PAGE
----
No matter who you are, or what role you play, what we all have in common is a choice. Being a mother, singer, librarian, colleague, former publisher, friend, sister, daughter … I can make choices. These may of course be wrong, strange or just right, and sometimes the circumstances leave you no other option to do this or that, and your final decision does not feel like a choice at all. However, my point is that somehow down the line you always have a choice. For years now I perform in a band (Guano), and we make our own songs. I complain that we do not have gigs anymore, that I would like to be on stage again, but I can only blame myself. I have the choice to do something about it (and stop complaining).
Choices are also current in our professional life. If I could add just one tiny bit to the open access discussion, it would be this thought or insight.
The author or researcher chooses a journal to publish his or her article in – sometimes in an emerging field or looking for a certain quality stamp there is not that much to choose from. He or she has done the homework, checked all references, worked with the co-authors, optimized (though not manipulated) one or two figures, has datasets available and submitted the paper. The reviewer (via a peer review selection process) is asked (within a certain timeframe) to review the paper, and to give a fair and sound review report, based on which the author can revise (which is most often the case) his or her paper.
The Publisher has a portfolio of journals that are either launched via an idea of the Publisher themselves, or via societies or (Chief) Editors who had a great idea or had seen an opportunity. The journals are processed, priced and promoted via set routines. In this chain of activities there is ample room to make a choice. Certainly when it comes down to choosing the way the articles can be accessed or the value that can be added. Should a traditional toll access journal be flipped to open access? Should a new journal be launched as an open access journal? What is the market attitude, the revenue stream, will any change affect journal submissions, and ultimately the journal’s impact factor?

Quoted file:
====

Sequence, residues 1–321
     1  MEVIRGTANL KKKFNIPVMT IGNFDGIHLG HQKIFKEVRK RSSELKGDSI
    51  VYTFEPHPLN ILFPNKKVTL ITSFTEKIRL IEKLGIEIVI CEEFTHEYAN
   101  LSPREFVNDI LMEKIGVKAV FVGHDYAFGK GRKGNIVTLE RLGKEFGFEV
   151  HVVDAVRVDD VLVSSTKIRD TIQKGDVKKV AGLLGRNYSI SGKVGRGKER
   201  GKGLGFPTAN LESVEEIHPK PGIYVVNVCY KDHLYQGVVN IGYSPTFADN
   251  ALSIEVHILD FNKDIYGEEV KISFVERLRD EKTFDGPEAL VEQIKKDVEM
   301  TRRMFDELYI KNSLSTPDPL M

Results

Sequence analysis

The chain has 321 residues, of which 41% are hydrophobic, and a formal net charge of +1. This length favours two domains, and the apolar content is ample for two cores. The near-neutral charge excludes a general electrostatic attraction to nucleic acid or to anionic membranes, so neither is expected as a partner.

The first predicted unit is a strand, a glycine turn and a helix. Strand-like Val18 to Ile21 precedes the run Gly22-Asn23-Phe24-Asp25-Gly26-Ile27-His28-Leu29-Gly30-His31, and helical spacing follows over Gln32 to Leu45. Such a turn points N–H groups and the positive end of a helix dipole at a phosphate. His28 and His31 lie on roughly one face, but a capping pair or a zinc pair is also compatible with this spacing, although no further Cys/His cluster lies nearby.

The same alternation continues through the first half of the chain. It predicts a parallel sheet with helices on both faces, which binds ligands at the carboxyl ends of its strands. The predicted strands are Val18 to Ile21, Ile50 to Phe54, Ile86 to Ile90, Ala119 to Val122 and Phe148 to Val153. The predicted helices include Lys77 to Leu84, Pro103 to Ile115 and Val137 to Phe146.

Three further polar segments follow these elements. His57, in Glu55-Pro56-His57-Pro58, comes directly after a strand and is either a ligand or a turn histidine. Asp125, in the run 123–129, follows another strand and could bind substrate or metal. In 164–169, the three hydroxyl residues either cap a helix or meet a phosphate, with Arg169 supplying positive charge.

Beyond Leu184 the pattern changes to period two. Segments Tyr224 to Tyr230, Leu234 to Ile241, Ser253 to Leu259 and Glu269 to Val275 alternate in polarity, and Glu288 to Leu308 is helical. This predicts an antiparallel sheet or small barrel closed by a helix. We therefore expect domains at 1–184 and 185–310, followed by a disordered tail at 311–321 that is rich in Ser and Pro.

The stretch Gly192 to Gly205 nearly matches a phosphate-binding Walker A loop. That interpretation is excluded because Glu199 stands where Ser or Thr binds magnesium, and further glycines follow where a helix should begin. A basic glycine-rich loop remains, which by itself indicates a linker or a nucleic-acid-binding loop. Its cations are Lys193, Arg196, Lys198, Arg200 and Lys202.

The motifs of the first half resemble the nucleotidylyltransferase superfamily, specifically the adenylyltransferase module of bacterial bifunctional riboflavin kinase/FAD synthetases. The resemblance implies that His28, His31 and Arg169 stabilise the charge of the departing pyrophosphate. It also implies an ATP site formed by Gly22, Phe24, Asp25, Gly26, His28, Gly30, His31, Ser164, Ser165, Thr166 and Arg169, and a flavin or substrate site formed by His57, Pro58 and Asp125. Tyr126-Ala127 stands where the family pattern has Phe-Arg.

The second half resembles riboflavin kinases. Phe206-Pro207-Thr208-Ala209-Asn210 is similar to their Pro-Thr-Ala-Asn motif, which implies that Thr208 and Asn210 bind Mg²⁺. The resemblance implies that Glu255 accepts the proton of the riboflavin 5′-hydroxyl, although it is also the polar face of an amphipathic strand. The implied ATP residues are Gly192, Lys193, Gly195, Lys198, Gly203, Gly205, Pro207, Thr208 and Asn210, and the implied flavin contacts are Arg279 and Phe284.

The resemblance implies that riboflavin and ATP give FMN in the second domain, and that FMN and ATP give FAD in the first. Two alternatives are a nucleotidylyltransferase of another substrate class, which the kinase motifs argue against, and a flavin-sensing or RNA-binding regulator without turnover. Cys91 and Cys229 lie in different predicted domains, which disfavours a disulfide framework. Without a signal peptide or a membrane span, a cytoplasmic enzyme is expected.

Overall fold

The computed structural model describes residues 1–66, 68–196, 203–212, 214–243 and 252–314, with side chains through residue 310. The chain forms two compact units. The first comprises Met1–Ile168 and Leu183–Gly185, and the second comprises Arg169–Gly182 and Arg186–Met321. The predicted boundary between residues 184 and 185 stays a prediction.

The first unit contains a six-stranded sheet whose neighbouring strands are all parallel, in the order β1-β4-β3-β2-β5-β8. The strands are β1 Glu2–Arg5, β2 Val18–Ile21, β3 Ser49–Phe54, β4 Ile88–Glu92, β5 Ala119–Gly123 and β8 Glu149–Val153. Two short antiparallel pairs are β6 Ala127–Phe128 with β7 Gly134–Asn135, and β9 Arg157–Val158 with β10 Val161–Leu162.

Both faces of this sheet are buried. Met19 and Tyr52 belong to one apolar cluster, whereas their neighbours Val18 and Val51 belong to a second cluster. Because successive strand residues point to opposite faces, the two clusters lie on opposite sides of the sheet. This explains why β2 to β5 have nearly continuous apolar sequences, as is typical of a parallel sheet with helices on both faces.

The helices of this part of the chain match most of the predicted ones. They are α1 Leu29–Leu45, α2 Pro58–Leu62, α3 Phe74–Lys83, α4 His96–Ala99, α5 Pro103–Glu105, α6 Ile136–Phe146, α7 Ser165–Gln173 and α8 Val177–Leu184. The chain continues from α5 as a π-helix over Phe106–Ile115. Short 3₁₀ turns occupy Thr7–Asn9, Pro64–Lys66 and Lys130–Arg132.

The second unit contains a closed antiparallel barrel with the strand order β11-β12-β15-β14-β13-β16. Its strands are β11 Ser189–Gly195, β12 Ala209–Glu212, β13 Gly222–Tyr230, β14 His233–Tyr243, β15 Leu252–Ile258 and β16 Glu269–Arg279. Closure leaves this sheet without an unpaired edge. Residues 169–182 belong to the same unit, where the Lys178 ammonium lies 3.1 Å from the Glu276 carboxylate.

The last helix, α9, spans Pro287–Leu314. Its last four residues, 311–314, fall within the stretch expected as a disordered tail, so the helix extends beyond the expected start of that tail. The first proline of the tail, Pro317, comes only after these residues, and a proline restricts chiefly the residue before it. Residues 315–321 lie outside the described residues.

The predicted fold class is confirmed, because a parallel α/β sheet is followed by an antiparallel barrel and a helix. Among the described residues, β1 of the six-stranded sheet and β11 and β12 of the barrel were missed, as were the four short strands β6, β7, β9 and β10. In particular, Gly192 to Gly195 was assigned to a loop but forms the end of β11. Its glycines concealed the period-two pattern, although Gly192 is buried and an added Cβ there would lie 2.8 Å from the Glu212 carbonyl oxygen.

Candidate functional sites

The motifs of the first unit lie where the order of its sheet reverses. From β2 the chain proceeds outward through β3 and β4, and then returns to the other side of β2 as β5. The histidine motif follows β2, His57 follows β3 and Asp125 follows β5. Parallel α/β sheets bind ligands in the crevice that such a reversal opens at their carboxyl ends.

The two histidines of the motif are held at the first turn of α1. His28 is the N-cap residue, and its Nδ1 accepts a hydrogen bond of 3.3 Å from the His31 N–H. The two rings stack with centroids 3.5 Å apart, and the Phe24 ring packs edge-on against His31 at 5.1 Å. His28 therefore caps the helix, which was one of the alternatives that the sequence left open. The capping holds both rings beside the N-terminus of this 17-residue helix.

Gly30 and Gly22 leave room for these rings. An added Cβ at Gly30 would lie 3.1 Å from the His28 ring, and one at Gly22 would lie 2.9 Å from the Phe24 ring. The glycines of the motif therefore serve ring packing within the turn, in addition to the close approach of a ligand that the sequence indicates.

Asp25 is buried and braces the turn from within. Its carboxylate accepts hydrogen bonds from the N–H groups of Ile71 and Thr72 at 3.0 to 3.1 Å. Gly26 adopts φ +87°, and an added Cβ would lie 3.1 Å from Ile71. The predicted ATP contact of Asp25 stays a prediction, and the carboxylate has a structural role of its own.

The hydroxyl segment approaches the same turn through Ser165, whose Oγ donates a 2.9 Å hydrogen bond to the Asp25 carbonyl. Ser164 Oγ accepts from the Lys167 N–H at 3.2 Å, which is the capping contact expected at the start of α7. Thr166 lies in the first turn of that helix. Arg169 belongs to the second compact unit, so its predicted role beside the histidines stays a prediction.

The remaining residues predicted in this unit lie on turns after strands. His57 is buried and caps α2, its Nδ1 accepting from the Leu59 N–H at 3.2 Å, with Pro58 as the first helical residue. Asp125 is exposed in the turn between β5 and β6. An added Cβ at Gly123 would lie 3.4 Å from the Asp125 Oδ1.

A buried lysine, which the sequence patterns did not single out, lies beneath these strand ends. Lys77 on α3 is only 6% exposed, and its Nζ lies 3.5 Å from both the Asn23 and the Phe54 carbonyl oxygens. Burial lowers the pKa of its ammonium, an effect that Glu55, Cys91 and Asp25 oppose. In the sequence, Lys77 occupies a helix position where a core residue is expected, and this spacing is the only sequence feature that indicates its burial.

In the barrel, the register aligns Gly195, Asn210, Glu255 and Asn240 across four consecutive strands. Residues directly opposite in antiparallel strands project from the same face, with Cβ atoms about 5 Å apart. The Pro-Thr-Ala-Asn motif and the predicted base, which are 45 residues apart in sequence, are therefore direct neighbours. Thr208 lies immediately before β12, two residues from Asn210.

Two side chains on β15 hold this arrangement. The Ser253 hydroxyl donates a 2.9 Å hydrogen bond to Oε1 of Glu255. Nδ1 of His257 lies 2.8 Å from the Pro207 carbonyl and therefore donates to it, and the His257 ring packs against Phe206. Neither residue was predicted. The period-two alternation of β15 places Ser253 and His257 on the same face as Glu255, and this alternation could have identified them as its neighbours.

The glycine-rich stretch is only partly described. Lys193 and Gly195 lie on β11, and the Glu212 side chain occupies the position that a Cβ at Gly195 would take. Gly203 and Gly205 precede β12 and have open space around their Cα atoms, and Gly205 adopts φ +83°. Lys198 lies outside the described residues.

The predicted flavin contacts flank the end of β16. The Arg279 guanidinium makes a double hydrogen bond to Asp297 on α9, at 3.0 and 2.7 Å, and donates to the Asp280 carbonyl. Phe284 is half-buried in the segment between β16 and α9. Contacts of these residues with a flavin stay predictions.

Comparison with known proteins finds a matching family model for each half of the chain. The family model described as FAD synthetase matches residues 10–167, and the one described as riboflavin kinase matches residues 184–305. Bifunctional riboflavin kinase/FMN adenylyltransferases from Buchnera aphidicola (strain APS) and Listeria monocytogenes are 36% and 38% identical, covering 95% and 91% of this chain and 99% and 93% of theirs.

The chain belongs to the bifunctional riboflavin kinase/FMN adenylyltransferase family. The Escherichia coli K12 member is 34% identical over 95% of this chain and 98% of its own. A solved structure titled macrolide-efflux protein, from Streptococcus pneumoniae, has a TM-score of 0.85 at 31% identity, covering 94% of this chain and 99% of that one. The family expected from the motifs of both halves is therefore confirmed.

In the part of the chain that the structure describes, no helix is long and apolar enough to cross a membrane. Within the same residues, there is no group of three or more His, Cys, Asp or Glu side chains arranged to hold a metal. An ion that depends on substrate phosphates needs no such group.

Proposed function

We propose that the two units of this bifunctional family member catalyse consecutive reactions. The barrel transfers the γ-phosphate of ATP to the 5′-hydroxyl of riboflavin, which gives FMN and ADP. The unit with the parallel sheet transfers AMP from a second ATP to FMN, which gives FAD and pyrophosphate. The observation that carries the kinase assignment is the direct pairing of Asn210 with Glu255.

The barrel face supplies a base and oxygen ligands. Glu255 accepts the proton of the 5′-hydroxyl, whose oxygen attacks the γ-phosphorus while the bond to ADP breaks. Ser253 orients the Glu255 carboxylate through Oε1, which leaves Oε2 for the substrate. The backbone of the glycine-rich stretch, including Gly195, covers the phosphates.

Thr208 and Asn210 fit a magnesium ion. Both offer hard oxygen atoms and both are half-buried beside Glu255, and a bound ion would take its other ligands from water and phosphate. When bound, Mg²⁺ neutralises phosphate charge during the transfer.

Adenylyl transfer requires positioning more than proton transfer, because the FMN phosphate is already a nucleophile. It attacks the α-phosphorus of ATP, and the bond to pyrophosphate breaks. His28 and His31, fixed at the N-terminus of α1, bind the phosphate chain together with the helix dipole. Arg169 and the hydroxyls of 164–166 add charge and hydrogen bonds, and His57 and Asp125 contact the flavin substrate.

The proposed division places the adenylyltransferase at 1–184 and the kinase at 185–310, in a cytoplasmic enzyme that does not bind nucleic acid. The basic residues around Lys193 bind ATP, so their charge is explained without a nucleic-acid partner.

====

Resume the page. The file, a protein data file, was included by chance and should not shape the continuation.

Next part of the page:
We librarians also have choices. Space and time limit me to name all choices for all stakeholders. We are not really selecting the (primarily subscription-based) content we provide to our university staff based on quality anymore, but far more based on our budgets. The big deals, selection profiles and PDA (patron driven acquisition) have contributed to diminishing our role as content “selector”. However, our choice has been and still is to try to encourage all players to make their publicly funded research available in open access. This still costs a substantial amount of money (to process the article in its open access form), and we librarians should take responsibility and arrange the money stream needed for this. The big advantage is that it releases us from the dilemma that we might not be able to offer the best available scientific resources to our own researchers. A global choice to free up the scientific content guarantees that our students and researchers have easy access to today’s knowledge. There is a choice we can make. And stop complaining.
So librarians, do not forget that as all players in the field, we can also make our own choices. We are representing an institute that cherishes the past, lives in the present, but with a firm vision on the future. Get up on that stage!